Our thanks to Texas-based Machete screenwriter Alvaro Rodriguez, an alum of Blake Snyder’s Beat Sheet Workshop and Master Class who has led Beat Sheet Workshops in San Antonio and Austin. He has two features in development and a new television writing gig on a premiere series debuting on cable in 2014.
It made perfect sense at the time. Okay, so it wasn’t the last time I spoke to Blake, it was practically the first time. I had enrolled in his beat sheet workshop in Austin a few years ago. During the workshop, I tried to hammer out the beats for an animated film about a raccoon who wants to direct movies. It was called Hollywoods. With a camera made of sticks and twigs (a la Dennis Hopper’s Last Movie) and sitting atop a crane (the bird), Rocky shoots his make-believe masterpiece, but it’s just that: Make-believe. When the nephew of a big shot Hollywood exec takes his film crew to the woods to make a scary movie, they get spooked and leave their equipment behind. You can guess the rest.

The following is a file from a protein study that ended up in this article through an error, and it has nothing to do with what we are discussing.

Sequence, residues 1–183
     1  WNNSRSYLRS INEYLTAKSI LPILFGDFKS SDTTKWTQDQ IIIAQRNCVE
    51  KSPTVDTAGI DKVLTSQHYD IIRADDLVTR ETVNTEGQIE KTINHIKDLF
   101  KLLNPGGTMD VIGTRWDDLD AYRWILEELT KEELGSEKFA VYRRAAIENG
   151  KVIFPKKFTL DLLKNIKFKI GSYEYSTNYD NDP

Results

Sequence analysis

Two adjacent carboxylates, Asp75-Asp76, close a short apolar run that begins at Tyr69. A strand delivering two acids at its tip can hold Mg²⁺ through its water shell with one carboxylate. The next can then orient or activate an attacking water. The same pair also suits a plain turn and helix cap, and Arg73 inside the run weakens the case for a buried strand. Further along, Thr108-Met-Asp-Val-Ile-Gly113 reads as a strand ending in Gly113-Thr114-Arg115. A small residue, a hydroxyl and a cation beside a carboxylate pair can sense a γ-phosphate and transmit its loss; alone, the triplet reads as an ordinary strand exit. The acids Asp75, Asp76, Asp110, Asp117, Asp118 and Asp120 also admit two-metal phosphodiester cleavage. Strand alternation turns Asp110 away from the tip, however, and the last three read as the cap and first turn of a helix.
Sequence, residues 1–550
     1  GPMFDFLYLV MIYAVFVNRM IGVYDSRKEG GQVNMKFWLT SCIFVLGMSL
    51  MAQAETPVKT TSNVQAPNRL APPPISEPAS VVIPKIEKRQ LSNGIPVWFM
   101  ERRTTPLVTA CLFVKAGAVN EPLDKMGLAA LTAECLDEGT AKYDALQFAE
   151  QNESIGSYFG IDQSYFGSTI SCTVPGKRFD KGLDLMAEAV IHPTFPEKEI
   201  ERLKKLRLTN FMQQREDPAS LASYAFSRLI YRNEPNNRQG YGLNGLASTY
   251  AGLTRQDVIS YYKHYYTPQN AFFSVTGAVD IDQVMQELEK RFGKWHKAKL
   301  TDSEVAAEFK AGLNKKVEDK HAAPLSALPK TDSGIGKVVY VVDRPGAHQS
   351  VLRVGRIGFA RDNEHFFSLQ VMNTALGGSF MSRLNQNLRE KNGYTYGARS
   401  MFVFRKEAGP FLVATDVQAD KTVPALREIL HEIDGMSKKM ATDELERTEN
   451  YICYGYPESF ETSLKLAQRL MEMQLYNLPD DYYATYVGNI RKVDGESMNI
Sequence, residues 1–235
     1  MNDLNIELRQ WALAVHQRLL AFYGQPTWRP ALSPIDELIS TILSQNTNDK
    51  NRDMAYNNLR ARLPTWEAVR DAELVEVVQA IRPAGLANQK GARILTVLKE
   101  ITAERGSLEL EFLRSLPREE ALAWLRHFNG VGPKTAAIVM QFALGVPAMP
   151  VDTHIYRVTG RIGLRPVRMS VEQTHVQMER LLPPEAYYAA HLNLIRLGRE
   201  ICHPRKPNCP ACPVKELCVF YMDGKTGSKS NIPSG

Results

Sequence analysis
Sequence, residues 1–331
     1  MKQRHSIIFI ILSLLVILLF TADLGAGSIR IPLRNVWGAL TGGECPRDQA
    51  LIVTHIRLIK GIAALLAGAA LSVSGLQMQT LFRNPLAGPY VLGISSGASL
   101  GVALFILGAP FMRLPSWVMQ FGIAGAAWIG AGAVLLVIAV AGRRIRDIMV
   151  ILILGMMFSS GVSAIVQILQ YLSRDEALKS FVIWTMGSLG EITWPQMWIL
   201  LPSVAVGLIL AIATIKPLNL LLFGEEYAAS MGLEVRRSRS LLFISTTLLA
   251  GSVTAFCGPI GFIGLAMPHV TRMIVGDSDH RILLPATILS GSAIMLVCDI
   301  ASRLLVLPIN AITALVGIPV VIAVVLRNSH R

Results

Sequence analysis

The finale takes place at the Oscars as Rocky and crew storm the Kodak [now Dolby] Theatre to reclaim the movie. Blake thought it was a stellar idea, even though it was a double kiss of death for a spec: animated, about Hollywood.
But Blake pumped me up with excitement about it. I said, “I should have some idea but I don’t know what I’ll do for a sequel.”
Blake replied, “Cannes?”
He had the irrepressible ability to illuminate everything he touched. He saw bones, muscles, and sinew in story, a Dr. Frankenstein creating something new from old pieces, stepping back in awe and shouting, “It’s alive! ALIVE!”
In the time since his untimely passing, I have thought about his kindness, his irreverence, his genuine love for storytelling almost every day. In the glut of screenwriting books and ersatz gurus, Blake didn’t simplify a formula, he popularized a new way of looking at the process. He didn’t put a “script in a can” product on the shelf, he laid out a set of tools for any writer’s toolbox to use or refuse, to guide but never to fill in the blank. His Save the Cat! method doesn’t prescribe but rather describes an approach to story crafting. That was always the spirit in which it was intended.
So when I think of Blake Snyder and of the times we spoke, I remember one word, or at least its homonym.
Yes, Blake. We can.
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